“To see death, then, through realized eyes, is to see death in the context of this wholeness, and as part, and only part, of this beginningless and endless movement. The uniqueness and power of the bardo teachings is that they reveal to us, by showing with total clarity the actual process of death, the actual process of life as well.” –page 342.
Here are some thoughts from me:
I believe that we are always in the middle of a tornado, our world collapsing, in the process of death while in the throes of life, but that we do not perceive our world in such a manner until something shakes us out of our complacency, out of our narrow-mindedness, out of our internal dialogue, and out of our ignorance. I believe that we are being gifted with one of those times of shake-up right now.
Look around; look at what is happening. Take a ride on the wings of the eagle and realize that this is the time of confusion before the dawning of a new Age. But, as the shamans, the Buddhists, and deep spiritual thinkers suggest: this collapse is constantly presented to us—we are just not aware of it. And this is where Harold Camping, the end of the world predictor, gets it wrong. The end of the world is an every day occurrence and we all have the opportunity to grab onto the freedom of that clarity every day.
If we can learn how to let go of our reason—our internal dialogue, our conjuring mind, and our description of the world as we have been taught—and open up to the realization that everything is an illusion, we can enter a new reality. We can do this volitionally, learning how to shift our perceptions and how to experience the endless movement of energy, our own included, as it flows in the universe.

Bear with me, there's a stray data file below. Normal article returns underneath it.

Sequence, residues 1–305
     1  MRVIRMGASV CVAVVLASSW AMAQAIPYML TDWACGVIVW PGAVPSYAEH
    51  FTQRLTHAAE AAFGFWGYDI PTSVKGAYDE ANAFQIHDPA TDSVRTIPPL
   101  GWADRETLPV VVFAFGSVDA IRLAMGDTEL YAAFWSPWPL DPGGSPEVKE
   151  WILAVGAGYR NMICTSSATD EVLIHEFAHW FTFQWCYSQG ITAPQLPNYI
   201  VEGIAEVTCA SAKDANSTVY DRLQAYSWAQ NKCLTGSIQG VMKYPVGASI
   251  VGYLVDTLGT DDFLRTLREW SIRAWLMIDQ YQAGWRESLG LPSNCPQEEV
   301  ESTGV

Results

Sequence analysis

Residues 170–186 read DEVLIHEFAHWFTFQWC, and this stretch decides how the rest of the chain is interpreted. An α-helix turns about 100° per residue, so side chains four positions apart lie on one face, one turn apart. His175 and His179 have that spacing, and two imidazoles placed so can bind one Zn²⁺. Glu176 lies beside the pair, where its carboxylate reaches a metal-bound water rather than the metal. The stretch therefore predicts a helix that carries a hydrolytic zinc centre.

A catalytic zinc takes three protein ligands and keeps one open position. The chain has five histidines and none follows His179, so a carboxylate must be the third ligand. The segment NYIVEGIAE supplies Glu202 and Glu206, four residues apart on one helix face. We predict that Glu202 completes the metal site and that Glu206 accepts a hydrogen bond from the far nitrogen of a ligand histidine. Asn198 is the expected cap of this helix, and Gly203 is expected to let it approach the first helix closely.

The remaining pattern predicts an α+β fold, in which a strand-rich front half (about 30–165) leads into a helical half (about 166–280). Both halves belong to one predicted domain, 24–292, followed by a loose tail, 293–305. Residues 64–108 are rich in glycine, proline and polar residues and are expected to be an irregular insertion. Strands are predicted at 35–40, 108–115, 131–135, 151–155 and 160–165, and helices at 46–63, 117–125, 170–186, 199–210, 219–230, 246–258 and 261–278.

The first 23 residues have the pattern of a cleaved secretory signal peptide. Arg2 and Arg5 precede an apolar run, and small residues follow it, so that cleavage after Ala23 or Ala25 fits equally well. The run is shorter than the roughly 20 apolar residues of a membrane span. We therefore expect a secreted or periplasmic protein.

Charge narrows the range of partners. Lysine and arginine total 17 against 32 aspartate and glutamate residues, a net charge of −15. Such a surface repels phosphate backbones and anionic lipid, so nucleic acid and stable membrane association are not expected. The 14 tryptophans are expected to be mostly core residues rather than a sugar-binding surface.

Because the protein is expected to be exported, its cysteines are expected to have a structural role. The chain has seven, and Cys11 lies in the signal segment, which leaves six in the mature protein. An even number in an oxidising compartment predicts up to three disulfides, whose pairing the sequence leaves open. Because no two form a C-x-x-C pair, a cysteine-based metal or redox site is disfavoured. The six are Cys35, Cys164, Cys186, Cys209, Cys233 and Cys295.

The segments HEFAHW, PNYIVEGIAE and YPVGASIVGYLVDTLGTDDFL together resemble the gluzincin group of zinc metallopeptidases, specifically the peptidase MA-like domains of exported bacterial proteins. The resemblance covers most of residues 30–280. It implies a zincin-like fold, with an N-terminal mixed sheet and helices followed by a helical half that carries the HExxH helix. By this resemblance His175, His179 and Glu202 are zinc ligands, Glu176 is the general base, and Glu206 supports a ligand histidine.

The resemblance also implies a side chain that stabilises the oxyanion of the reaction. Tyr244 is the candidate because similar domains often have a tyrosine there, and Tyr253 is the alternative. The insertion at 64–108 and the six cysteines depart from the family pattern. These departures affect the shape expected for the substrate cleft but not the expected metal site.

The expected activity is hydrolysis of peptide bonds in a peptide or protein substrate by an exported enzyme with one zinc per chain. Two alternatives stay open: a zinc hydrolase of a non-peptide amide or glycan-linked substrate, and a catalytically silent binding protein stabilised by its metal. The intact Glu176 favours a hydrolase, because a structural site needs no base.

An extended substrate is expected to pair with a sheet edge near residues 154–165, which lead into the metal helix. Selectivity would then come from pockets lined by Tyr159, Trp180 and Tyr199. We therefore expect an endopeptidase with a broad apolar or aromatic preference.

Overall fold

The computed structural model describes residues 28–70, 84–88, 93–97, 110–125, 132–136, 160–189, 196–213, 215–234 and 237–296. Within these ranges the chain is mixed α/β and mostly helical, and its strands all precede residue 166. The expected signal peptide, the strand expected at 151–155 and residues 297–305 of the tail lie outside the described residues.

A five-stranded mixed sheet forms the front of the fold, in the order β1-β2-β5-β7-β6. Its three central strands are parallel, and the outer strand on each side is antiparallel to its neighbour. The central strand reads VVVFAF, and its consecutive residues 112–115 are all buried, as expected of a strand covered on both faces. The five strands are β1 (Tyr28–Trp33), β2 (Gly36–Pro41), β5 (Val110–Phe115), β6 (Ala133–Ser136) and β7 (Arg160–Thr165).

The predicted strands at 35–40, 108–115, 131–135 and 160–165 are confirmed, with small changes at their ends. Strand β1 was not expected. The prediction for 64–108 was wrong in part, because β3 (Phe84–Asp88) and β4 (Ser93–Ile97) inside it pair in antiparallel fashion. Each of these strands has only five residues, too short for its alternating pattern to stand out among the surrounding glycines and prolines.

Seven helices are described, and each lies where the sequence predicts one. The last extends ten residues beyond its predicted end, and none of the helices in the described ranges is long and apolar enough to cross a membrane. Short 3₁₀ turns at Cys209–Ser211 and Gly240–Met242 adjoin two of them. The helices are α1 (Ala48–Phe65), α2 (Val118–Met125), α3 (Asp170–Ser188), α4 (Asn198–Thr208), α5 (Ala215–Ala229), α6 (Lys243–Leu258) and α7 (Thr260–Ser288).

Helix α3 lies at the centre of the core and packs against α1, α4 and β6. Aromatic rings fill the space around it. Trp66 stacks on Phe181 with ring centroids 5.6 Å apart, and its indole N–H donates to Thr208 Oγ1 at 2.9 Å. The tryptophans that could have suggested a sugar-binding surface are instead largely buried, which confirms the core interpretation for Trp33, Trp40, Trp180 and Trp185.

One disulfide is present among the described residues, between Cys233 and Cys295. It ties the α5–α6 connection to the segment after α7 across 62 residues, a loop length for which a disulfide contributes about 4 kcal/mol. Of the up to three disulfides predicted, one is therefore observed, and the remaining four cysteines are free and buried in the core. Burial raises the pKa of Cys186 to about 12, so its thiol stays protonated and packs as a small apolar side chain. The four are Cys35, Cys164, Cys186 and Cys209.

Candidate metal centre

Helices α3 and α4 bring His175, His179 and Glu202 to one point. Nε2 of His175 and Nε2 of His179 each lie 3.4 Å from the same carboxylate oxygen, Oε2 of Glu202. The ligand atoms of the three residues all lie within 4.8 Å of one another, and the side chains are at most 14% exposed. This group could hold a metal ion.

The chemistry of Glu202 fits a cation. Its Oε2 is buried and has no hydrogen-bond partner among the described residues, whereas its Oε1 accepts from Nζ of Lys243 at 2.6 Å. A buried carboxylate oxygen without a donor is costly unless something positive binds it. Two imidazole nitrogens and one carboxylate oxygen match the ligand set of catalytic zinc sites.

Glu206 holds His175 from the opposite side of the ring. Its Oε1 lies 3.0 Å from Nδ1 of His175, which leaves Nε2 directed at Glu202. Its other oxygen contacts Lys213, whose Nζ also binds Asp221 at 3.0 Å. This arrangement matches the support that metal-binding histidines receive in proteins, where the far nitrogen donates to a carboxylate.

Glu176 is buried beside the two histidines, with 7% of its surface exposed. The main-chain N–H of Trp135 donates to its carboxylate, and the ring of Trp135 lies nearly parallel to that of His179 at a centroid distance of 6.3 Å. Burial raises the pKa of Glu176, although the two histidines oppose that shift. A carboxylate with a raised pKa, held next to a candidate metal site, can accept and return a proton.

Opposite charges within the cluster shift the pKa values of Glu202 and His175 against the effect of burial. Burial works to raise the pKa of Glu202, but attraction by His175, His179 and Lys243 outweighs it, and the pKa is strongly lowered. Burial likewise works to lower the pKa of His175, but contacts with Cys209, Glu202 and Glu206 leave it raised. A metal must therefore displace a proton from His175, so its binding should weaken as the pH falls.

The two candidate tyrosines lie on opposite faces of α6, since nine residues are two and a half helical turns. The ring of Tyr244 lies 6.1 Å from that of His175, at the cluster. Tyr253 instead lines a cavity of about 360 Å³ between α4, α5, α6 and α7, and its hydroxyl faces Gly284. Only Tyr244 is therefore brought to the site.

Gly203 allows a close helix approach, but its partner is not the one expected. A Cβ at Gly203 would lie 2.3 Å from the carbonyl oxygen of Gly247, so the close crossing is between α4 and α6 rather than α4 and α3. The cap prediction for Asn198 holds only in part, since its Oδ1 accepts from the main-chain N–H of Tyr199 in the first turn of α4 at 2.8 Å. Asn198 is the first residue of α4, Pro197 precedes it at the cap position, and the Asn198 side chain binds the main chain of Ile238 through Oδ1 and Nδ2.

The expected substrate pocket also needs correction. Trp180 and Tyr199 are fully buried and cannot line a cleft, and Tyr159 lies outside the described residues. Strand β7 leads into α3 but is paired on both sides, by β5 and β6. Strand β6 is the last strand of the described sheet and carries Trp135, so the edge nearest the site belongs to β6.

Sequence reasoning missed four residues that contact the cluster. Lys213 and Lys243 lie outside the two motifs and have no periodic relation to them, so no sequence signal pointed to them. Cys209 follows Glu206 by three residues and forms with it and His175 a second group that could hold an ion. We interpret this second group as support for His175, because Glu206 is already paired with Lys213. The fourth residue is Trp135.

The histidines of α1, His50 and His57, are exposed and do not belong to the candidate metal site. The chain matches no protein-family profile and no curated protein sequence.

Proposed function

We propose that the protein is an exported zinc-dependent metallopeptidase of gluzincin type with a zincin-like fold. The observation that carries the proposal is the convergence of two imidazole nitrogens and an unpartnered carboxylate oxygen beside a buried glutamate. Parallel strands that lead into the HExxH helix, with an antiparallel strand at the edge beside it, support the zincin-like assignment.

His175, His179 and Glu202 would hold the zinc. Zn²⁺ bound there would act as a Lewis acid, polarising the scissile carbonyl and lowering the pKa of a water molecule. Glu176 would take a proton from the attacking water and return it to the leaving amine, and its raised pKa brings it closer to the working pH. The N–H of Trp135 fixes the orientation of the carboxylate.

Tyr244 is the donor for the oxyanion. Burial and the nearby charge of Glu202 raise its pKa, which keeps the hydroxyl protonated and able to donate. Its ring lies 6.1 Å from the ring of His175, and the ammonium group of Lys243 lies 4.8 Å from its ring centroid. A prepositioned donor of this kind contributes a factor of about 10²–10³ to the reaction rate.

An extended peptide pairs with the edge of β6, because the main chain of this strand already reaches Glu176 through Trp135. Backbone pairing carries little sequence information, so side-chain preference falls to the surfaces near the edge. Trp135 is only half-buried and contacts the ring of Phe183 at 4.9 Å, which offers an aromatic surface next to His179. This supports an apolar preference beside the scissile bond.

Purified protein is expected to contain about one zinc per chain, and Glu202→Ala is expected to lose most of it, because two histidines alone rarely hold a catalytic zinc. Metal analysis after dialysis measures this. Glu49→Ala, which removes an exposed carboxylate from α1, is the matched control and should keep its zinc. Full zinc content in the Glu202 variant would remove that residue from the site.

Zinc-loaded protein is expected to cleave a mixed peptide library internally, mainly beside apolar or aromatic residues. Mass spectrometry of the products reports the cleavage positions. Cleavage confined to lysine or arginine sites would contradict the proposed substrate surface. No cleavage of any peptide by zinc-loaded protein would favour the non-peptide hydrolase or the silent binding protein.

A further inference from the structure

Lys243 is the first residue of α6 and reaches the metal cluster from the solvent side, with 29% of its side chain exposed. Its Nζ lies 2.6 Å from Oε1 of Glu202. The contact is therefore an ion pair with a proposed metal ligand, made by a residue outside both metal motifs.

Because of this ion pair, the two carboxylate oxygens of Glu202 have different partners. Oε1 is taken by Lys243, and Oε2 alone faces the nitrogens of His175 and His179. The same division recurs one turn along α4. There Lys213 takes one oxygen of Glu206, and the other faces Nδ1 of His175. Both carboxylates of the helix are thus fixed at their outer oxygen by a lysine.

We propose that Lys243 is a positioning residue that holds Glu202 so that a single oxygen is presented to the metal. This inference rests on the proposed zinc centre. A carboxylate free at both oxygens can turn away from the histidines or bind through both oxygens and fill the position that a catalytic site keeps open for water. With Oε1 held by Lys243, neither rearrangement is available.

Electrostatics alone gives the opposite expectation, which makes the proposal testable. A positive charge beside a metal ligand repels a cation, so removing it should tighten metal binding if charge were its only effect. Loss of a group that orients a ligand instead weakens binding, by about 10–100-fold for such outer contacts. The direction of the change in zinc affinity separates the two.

Through the process of recapitulation we learn to shed our old selves, our old perceptions and ideas of the self and the world, our self-importance, our attachments to the illusions of this world that we so solidly stand upon. In so doing we relieve ourselves of adherence to beliefs that do not truly serve us if we are ready to evolve into a new understanding of life and death.
We can experience our energetic wholeness in total freedom by constantly challenging ourselves to shatter our world as we have always perceived it, by refusing to attach to the illusions of this world. Those illusions are placed upon us from the moment we are born. If we can break our fixation with reality as we have been taught to perceive it, we might just discover that what is happening in the world, every day, is nicely set up to help us shatter those illusions. Even a momentary glimpse of a different idea of ourselves offers us the opportunity to gain in awareness, to aid us in letting go—just a little bit more—of all that holds us so attached to what we believe is so important and so dear.